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The Honolulu Advertiser
Posted on: Thursday, April 20, 2006

Federal grants enable arts to thrive

By Wayne Harada
Advertiser Entertainment Writer

The State Foundation on Culture and the Arts, at the One Capitol Dis-trict building, will receive $588,900 in grants to support its programs.


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Eight arts and culture organizations in Hawai'i have won nearly $795,000 in grants from the National Endowment for the Arts to support arts education programs and missions.

The State Foundation on Culture and the Arts will receive $588,900, the largest sum to a Hawai'i agency, which will enable SFCA to continue and carry out its programs and grants statewide, said Ronald Yamakawa, foundation executive director.

"What we get is a partnership grant," said Yamakawa. "The NEA is a federal agency and the grants have to be matched (locally), dollar for dollar," he said.

Still, said Yamakawa, the grants will allow the state to reach "underserved communities and help with arts education."

Yamakawa said that a visit here last year by Dana Gioia, NEA chairman, was a tangible means to enhance visibility of what is happening in Hawai'i's arts and culture community. "Our arts and culture people got first-hand access to him; and his visit heightened awareness with what's being done with the federal grants we receive."

The Honolulu Theatre for Youth, Hawai'i's only theater group that maintains a paid roster of actors, will receive a $40,000 NEA grant.

Dan Kelin, HTY's education director, said the grant enables the group to expand its consortium project for ESL, or English as a second language, students at West Hawai'i schools on the Big Island, where he was teaching this week.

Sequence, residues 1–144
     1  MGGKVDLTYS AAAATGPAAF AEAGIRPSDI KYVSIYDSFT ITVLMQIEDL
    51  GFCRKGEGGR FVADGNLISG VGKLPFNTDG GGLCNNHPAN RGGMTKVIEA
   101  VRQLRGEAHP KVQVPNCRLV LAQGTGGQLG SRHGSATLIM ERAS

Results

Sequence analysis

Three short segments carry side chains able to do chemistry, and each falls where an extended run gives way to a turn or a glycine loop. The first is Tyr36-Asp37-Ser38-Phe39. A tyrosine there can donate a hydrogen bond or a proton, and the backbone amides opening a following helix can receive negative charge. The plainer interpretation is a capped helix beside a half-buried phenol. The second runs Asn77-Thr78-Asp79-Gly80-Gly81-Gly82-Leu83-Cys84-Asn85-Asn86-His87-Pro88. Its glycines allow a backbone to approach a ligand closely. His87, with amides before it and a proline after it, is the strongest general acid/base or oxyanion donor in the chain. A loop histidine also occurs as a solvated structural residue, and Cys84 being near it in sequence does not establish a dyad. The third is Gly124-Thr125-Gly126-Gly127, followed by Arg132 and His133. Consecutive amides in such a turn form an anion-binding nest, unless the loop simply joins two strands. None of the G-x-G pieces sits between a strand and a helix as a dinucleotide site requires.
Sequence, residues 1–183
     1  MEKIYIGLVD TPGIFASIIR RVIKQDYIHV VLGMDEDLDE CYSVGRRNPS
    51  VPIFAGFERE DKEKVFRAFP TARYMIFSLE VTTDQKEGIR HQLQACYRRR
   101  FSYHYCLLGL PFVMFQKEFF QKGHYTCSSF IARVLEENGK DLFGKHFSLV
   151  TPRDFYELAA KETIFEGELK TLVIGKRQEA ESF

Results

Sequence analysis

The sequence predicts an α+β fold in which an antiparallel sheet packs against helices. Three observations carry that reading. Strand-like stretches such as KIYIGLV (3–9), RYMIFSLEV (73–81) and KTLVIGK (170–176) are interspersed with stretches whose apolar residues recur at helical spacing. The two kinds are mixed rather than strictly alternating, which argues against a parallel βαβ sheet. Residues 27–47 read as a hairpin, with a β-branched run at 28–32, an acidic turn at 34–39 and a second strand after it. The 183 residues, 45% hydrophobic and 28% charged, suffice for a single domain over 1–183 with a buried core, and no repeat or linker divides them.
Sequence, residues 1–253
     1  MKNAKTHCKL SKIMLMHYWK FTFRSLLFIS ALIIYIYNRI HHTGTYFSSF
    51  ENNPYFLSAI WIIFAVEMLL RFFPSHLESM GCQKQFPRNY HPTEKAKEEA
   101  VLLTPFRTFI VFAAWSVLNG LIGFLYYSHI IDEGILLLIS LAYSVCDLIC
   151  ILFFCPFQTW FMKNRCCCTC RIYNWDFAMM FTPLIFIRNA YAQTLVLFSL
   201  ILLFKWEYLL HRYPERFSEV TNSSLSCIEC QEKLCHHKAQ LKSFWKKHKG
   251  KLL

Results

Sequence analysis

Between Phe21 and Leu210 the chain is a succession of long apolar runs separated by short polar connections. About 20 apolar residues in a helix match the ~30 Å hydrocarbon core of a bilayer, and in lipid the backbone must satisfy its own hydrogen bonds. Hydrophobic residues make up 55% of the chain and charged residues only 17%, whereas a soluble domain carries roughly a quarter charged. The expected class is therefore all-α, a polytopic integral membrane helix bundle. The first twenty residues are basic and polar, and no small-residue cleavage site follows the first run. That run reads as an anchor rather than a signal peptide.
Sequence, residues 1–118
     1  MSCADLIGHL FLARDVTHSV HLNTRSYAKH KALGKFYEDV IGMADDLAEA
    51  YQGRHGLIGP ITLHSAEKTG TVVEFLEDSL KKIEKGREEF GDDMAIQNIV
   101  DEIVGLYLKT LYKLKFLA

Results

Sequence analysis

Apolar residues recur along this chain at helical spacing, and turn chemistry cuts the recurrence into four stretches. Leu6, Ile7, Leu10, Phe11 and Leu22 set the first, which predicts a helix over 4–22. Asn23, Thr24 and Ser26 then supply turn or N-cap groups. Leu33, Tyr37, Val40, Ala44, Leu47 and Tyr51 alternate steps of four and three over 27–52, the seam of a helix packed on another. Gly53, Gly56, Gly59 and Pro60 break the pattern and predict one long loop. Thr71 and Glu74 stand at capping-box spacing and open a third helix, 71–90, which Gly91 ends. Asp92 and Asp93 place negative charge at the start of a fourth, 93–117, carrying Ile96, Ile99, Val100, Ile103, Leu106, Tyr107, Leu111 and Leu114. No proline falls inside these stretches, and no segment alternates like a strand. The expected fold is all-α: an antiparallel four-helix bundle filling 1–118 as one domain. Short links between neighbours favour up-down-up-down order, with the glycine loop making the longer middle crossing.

"We've had a nice relationship with ESL in West Hawai'i, and the grant will extend the program to another level," said Kelin. "West Hawai'i does an annual speech festival for the ESL program; (the grant) gives us a chance to expand the speech festival to include first-time dramatic pieces that target the fourth- to sixth-grade level."

Hawai'i received a total of $794,800 in grants, part of $63 million in awards to 970 nonprofit arts organizations. The total includes $21,409,500 through four grant categories and $42,230,200 to state, jurisdictional and regional arts agencies.

Other recipients:

  • Hawai'i Opera Theatre, $20,000. Supports opera residencies at O'ahu elementary schools, and an original student-written opera integrating Hawaiian music, language and mythology.

  • Hawai'i Youth Symphony Association, $20,000. Supports the symphonic orchestra program, enabling musicians from Neighbor Islands to come to Honolulu to rehearse and to perform.

  • Honolulu Symphony Society, $10,000. Supports youth concerts and in-school ensembles and includes six youth concerts and ensemble visits to 120 schools.

  • Kalihi-Palama Culture & Arts Society, $10,000. Supports training for neighborhood youths in traditional and contemporary art; classes include Hawaiian, Okinawan and Filipino dance, plus Hawaiian music and ceramics.

  • Maui Community Arts & Cultural Center, $38,000. Supports a series of performances and residency events not otherwise possible because of geographic constraints.

  • Pacific Resources for Education and Learning, $67,000. Supports arts education services and technical support to jurisdictional arts agencies of the Pacific territories including American Samoa, Guam and the Northern Mariana islands.

    Reach Wayne Harada at wharada@honoluluadvertiser.com.